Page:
Tuesday, February 06, 2007

Why carbon offsetting should be a last resort

I've published a revised article on this topic here: Cyberium website

1 comment:

Anonymous said...


Agree, carbon offsetting must happen only AFTER a real emissions reduction so you hence only offset what you cannot realistically reduce. But consider this;

If all 27 million UK households physically reduce by 1 tonne that saves the carbon equivalent of 27 medium sized power stations (such as Deeside).

If they additionally (i.e. not in substitution) offset just 1 tonne supporting real emissions reduction projects (using CERs) that's now the equivalent of 54 gone.

However, because the cost of reducing emissions in the developing world via the UN Clean Development Mechanism is cheaper than here, that's potentially the equivalent of perhaps 70 gone.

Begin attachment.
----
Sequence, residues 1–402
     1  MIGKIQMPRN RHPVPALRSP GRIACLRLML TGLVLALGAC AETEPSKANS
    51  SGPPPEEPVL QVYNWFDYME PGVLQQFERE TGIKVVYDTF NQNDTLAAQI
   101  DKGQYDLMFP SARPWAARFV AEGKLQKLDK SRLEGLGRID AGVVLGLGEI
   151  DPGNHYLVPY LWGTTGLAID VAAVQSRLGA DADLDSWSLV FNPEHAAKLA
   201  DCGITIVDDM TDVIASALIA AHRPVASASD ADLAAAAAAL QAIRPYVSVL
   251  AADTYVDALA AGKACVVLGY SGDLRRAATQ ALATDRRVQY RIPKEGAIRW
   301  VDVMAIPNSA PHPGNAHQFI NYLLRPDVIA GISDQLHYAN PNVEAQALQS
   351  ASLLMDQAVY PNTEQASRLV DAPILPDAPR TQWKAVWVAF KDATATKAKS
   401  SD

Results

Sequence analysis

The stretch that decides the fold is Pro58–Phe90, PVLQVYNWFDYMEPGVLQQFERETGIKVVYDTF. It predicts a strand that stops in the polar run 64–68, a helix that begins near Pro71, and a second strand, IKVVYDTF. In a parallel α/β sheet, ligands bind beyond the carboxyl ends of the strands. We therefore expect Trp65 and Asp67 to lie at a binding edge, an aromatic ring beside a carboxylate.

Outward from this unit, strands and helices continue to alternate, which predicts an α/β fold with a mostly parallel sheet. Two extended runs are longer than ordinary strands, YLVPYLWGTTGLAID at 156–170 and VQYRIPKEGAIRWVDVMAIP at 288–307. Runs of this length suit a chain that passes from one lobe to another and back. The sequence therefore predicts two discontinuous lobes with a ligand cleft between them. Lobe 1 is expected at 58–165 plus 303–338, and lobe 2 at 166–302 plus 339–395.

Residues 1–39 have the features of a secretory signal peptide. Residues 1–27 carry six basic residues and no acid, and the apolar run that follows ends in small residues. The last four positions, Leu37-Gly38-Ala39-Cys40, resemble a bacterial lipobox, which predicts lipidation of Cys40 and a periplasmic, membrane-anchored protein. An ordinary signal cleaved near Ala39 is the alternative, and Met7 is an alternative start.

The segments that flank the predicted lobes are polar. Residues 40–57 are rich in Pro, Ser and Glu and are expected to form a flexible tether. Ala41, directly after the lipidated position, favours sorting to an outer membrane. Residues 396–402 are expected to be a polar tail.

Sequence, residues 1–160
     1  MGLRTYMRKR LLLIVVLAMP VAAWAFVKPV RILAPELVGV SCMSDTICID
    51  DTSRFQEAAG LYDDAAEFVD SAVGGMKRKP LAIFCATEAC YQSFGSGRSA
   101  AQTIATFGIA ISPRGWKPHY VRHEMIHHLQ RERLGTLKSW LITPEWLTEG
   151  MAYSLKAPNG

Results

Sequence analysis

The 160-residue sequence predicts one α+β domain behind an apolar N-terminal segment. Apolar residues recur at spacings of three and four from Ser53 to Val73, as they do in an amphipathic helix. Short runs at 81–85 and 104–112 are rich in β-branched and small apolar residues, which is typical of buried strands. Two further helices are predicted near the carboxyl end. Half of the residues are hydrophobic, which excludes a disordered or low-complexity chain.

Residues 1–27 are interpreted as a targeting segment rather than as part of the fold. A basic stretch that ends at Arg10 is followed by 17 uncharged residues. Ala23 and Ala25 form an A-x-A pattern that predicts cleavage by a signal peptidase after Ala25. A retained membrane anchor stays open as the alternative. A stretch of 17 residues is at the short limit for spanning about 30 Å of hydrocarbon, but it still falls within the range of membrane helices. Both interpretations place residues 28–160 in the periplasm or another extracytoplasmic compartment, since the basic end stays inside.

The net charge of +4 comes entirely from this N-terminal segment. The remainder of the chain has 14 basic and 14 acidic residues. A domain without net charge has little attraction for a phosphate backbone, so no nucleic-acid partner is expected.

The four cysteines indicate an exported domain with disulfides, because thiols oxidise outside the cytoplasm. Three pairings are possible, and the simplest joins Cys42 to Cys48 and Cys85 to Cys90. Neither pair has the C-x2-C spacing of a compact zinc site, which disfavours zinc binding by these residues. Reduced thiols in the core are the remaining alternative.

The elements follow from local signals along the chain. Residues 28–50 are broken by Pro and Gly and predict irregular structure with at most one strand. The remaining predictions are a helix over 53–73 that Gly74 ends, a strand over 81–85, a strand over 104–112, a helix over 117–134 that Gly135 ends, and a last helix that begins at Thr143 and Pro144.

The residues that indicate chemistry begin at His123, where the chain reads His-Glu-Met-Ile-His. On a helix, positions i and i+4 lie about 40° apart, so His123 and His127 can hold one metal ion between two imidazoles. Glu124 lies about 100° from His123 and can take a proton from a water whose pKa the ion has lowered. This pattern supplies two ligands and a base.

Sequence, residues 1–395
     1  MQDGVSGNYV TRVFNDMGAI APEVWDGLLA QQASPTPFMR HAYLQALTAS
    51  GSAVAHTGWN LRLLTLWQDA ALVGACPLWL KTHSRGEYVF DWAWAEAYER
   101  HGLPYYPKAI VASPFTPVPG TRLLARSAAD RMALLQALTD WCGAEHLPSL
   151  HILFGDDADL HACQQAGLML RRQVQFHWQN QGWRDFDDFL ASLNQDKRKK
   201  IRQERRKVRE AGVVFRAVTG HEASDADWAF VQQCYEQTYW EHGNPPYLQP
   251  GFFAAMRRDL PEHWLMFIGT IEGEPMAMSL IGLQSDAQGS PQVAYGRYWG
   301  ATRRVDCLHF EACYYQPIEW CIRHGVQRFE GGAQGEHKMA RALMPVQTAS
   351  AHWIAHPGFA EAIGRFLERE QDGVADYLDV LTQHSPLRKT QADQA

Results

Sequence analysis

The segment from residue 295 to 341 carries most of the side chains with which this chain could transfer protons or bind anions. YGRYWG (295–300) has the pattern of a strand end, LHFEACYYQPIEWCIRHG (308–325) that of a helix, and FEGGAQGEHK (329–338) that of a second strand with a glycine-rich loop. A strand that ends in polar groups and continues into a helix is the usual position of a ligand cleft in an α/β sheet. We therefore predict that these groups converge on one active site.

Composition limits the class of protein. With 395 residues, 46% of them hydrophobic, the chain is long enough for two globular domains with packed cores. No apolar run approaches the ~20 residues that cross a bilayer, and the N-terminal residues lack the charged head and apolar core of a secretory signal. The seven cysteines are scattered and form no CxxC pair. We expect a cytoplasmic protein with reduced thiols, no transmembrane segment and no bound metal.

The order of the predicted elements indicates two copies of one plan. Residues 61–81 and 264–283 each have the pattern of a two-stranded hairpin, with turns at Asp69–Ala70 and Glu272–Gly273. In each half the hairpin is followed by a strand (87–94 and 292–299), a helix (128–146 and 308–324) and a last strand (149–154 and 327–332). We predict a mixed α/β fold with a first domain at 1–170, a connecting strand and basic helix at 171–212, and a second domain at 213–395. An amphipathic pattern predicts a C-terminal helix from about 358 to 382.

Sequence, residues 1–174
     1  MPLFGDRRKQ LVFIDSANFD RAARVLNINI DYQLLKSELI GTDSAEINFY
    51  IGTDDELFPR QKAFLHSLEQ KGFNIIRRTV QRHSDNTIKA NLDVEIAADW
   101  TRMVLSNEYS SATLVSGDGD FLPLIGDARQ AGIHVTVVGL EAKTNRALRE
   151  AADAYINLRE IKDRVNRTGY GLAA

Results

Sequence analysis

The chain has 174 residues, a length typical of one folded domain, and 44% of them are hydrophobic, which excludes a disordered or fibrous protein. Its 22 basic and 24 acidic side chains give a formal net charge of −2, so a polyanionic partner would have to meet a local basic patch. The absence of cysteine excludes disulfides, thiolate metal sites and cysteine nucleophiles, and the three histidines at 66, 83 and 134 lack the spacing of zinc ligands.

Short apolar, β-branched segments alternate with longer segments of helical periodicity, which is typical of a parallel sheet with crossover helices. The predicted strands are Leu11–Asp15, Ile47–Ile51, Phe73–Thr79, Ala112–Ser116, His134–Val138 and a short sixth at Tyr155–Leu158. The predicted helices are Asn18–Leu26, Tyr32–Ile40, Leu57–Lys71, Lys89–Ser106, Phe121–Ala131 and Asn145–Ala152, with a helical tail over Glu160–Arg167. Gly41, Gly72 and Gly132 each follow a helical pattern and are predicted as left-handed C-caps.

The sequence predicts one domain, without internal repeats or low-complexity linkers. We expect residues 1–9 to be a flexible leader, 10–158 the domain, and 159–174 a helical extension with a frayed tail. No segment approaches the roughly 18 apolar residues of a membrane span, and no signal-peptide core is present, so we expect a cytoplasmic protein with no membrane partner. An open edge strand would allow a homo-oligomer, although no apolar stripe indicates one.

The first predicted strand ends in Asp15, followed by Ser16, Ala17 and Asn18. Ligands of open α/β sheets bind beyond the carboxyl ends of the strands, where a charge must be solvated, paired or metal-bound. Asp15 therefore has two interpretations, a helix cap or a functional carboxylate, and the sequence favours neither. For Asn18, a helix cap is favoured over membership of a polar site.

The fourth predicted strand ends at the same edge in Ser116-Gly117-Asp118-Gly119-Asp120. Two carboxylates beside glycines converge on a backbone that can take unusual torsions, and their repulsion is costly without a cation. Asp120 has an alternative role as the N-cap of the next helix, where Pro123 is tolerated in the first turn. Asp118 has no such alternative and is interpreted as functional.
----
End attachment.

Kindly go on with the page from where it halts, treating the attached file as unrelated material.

Then after the tangible project based investment has been made, the CER can be cancelled and removed from the EU-ETS and that reduces the emissions cap on Europe potentially inspiring yet another reduction. But this is secondary and less certin until the over allocation by certain governments has been washed out by phase II.

So offsetting can increase the 'power of one' dramatically - but I wholly agree one must first take measures to reduce as far as one can and then offset only your residual carbon.